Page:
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Destruction and Restoration

China lost in the Anglo-Chinese War, so Taiwan was ceded to Japan.  The Lin Family in Ban-Chiao wanted to be away from the disaster, so Wei-yuan Lin and many others moved to China and never came back.  In the early stages of Japanese Colonial times, the mansion and garden was still under management. But years later, the Ben-Yuan Lin’s Family Mansion and Garden has been destroyed.

In 1949, many refugees were forced to move to Taiwan because of the nation civil war.  Many people chose the Lin Mansion as a place to rest and soon after many Taiwanese citizens started to move in. According to records and reports, at the time, there were more than 1000 people,300 families living there.  The Government also designed a section and named it “Liu Hou Village.”  With the people’s illegal residence and destruction, the interior construction became even worse.  This situation raised other citizen’s awareness in protecting this architecture.  Soon after, fundraises for restoration began.  In 1971, authorized by the government, Dong-Hai University started to plan the restoration process for the Lin Family Mansion. Due to the opposition by the neighbors, the restoration quickly ended.  In 1977, the Lin family donated not only the ownership  property rights to the Taipei County Government but eleven million New Taiwan Dollars repair fee.

Taipei County Government quickly processed the citizen of Liu Hou Village to move out and authorized the civil engineering department in the   National Taiwan University to work on the restoration of the mansion.  Civil engineering department asked teachers and students for measuring, drawing the accurate positions, areas, shapes, architectural structures, decorations, architecture’s fine details, sizes, and places for objects in the garden as well as analyzing the surrounding and planning.  An estimated calculation for the expenses of the entire construction was finalized.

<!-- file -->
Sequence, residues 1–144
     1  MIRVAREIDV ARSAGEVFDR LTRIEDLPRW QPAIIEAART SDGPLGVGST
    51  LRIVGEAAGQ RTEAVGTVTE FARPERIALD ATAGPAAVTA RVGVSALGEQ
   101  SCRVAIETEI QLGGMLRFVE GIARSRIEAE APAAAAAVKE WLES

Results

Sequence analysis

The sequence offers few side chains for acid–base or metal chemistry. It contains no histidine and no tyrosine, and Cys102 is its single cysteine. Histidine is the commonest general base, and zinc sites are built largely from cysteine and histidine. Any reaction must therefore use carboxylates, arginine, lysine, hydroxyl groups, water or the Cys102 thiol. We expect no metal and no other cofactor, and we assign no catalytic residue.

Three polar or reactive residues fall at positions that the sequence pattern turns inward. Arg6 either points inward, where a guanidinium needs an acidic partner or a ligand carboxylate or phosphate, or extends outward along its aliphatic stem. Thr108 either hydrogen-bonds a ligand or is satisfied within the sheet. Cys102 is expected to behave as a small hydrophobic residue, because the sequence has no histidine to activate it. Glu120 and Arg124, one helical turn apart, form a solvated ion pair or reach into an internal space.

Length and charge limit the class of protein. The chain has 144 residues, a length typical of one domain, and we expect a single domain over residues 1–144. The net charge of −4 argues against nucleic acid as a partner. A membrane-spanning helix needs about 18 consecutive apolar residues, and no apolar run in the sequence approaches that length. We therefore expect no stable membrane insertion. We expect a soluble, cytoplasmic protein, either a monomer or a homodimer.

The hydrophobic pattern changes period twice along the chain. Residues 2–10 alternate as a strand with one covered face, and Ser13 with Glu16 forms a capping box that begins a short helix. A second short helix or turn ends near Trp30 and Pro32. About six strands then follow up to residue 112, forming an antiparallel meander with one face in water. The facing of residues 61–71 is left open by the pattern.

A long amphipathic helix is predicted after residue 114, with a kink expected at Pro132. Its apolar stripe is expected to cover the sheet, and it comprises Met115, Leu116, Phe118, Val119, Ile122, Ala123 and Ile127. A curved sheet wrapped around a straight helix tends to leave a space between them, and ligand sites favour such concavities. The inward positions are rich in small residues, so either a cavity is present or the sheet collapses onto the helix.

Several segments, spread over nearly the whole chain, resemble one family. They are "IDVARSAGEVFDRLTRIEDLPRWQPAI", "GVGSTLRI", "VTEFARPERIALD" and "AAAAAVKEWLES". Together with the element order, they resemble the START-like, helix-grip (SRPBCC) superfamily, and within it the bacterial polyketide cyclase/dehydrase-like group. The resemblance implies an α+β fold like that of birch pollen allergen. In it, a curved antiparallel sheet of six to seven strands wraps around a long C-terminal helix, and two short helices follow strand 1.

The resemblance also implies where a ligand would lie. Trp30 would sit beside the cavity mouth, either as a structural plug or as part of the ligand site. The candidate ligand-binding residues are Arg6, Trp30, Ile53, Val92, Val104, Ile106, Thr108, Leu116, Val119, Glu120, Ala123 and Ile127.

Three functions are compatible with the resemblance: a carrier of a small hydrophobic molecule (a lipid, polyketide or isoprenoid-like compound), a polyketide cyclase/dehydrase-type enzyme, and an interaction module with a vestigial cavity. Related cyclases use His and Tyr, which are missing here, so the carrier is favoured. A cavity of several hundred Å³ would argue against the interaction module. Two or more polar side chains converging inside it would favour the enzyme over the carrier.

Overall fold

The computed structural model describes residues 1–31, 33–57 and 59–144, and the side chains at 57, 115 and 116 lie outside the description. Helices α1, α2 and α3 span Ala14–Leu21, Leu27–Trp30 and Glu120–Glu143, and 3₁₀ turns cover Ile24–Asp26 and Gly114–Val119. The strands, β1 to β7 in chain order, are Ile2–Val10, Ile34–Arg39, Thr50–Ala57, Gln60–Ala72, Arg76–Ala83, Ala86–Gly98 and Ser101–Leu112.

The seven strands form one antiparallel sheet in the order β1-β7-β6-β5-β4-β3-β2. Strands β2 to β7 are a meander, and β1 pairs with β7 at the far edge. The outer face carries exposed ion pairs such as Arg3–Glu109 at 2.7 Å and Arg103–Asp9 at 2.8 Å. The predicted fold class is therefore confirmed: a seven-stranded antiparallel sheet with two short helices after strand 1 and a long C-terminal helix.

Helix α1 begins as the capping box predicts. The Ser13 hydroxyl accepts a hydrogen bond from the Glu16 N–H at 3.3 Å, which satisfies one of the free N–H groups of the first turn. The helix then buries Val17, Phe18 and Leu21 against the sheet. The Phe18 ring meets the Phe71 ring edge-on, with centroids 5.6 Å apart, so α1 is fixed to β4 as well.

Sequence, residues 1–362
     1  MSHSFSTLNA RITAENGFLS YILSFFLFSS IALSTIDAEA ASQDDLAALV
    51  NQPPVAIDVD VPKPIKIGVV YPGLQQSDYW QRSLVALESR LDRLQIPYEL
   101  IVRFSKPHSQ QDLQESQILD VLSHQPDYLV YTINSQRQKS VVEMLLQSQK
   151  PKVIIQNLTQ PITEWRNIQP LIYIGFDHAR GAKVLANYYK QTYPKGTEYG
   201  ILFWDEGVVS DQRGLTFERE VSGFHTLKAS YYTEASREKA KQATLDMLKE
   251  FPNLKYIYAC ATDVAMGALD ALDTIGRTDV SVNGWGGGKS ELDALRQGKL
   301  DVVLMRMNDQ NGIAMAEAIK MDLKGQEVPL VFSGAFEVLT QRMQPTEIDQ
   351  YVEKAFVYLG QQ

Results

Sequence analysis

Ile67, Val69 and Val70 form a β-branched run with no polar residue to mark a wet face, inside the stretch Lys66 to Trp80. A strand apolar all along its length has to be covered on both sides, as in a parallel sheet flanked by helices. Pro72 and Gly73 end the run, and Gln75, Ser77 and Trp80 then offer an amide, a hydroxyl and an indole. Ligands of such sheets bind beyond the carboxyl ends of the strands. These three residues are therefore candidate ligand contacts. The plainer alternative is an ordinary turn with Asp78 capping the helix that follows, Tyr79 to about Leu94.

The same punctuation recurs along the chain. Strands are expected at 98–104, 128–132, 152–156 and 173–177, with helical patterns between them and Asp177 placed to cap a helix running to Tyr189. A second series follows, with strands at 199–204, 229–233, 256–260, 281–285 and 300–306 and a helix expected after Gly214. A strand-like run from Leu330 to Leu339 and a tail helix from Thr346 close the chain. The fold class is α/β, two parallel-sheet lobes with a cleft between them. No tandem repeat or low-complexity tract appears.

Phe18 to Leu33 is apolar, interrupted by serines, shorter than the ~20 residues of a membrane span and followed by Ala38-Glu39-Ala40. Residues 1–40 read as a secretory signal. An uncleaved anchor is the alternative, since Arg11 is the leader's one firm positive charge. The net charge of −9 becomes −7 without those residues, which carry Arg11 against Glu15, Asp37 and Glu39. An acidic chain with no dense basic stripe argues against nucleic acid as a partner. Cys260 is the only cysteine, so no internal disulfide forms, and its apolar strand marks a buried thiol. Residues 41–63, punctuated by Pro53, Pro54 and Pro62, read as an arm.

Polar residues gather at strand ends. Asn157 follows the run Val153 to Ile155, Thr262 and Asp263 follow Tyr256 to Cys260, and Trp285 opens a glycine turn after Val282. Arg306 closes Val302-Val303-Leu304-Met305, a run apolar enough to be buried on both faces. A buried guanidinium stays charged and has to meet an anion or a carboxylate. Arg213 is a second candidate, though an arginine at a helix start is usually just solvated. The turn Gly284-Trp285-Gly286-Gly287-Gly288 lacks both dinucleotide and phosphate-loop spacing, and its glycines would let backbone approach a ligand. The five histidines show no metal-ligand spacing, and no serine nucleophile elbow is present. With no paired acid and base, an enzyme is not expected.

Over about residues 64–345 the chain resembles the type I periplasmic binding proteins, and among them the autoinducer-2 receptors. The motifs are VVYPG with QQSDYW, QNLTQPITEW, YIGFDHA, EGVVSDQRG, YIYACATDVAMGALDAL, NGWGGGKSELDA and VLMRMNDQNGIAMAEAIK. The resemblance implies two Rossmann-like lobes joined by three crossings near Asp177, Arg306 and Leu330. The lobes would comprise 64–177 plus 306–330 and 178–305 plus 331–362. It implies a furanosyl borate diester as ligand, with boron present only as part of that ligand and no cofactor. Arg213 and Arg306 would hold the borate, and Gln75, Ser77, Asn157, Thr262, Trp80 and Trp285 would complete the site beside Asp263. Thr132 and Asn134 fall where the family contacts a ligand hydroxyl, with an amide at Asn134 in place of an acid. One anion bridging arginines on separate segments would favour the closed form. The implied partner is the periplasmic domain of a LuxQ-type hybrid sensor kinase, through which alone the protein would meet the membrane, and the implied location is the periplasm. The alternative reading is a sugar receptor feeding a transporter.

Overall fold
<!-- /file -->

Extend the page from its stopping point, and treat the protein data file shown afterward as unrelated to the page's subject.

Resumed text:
Today, many different organizations involved in the restoration of the mansion.  Many citizens believed that the fragmentary losses of the architecture had more historical sense and created a pensive beauty.  Yet restoring it back to its original form was closer to the cultural needs.  At the end, after a thorough discussion within Bao-de Han, Heng-dao Lin, Guo-fan Wang, Wen-siong Hong, Ji-jui Wu, and Yi-gong Ma, a few fundamental concepts were recommended. At the end, they concluded that it was best to restore as much as possible, up until the Restoration period.

Up till today, the restoration process for historical sites has expanded. Other than the set value for the architecture’s exterior, scholars and architects have especially stressed the importance of a complete restoration and have also been more opened to the question of its historic significance.  In despite of all these, the Ben-Yuan Lin’s Family Mansion and Garden’s preservation and restoration experience is very valuable in the preservation of Taiwan’s historical sites.

  At the end of 1982, the Garden’s renovation process began and lasted for four years.  The entire restoration cost more than NT$156 million dollars. This expense was paid by the Chinese Cultural Association, the Ministry of Interior, the Tourism Bureau, the Taiwan Provincial Government, and the Taipei County Government.  With the help of government officials and the society, a hundred-year-old garden that was once lost has been restored